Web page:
- Department meetings were where teachers talked about teaching
- Teaching and learning practices were underpinned by theory and research
This might reflect my own confirmation bias, because all of the above sounds sensible, but the other findings sound a little muddy to me: group work was used more in exceptional school, except for in MFL lessons. More interactive learning methods (games, puzzles, websites) were used in the exceptional schools in all lessons – except English, where lessons were more traditional. I can’t quite square this data, and I began to wonder about how much of the research we could take at face value, given the small sample size. Nonetheless, some helpful ideas.
The Director of Schools for Ofsted seems an affable chap, calm and pleasant. By no means an evil devil ogre. He spoke sensibly of Ofsted’s overall mission: to improve schools’ improvement, as per its statutary duty. He reminded us of the not-so-distant past, where 2.3 million children were in “mediocre” schools, which had often been that way for generations. He also remarked that “he history of inspection [was] littered with the corpses of those who have tried to do too much.” Clearly, much needs to change with the inspectorate, but in trying to do all things they may well succeed in none. He referenced the false dichotomy between knowledge and skills, noting “a sensible teacher does a bit of both.” Previously an English teacher, Cladingbowl was well aware of the power of language: the language of Osted, he remarked, had too often seemed to be the language of “warfare”. I greatly approved of his suggestion to view it instead as a “dance”, as I think that definitely sounds more fun. He noted that inspection must be designed to inspire curiosity and not compliance; teachers and indeed schools cannot be afraid to take risks. He hinted of the bright future, coming to a school near you soon (September 2015), where inspection would provide clearer evidence to parents, and inspectors would be solely contracted and trained by Ofsted. He mentioned that eventually (and there was a vagueness about the time period of this eventuality) there would be less focus on grades, and a change to thinking about whether a school is good enough, as well as “telling the story” about the data, answering the question: “why are the outcomes of this school as they are?”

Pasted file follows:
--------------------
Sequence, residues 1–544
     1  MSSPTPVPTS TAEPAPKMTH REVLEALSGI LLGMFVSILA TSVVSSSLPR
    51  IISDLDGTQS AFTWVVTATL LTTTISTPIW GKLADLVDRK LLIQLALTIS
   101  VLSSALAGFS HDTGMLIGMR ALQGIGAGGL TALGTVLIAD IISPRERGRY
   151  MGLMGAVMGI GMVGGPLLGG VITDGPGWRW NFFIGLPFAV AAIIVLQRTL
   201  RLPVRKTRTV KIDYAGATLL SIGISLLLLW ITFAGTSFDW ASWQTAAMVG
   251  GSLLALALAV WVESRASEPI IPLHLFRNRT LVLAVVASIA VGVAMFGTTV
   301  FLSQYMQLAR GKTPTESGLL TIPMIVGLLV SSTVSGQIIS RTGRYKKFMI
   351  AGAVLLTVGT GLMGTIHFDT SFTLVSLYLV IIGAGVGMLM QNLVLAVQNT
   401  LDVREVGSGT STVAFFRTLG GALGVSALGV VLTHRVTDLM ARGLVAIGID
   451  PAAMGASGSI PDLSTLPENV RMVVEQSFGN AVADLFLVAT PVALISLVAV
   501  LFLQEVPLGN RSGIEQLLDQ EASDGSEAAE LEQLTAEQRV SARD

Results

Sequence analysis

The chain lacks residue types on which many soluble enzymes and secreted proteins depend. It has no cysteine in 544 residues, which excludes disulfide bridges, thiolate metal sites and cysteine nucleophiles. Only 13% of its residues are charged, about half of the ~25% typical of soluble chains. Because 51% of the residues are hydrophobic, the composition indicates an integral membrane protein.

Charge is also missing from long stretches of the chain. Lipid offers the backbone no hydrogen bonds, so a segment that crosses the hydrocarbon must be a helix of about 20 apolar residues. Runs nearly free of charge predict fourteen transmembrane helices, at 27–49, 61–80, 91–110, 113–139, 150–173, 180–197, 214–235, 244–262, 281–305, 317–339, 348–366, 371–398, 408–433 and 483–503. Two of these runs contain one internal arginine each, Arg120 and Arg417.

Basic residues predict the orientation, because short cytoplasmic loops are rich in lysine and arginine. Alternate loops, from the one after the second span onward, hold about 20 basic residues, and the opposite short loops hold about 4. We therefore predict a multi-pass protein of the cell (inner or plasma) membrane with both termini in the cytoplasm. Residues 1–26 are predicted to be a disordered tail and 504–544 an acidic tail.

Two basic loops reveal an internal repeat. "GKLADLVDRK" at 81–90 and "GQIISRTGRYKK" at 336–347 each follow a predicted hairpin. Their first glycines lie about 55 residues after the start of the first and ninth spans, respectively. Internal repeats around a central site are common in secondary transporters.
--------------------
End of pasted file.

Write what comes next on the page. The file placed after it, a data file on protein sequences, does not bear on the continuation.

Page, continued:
I was very excited to hear Tom Sherrington speak, as I’ve been an avid reader of his blog, where you can in fact read his overview of this session. Sherrington dug deep into several key areas of research, usefully glossing works as he went. He began with Hattie’s on homework: although the overall effect size seems small at 0.29 (0.4 is apparently the level at which an intervention has a meaningful impact), on closer inspection this is an average of the primary school impact (0.15) and the secondary, 0.64; so in fact, homework can be an extremely effective lever for student achievement. Later, Sherrington emphasised that we must take care that results are not just the average of extremes. He also warned that when research is presented as a “digest”, “soundbite” or “headline”, it can lead to bad decisions: the detail is crucial. He went on to mention Bjork on memory, considering that students retain more knowledge when their learning is spaced or interleaved. The implication for schools, he went on, is that they need to consider how much weight to place on this evidence: especially as this could lead to a complete re-working of the curriculum, we need to be sure. He then explored two pieces of research, and explained the pitfalls and drawbacks of each, reconfirming what William had said earlier about the messiness of education research, and dealing with humans in general. Although overtly aware of his own confirmation bias, I liked what Sherrington said, because I probably have the same bias. He referenced a rule in his new school about “green pens”, and noted that is we are to make certain pedagogy practices “law”, we have to have evidence and a degree of certainty in its efficacy to achieve the buy-in of teachers. The essential message: don’t take anything on face value: interrogate the detail.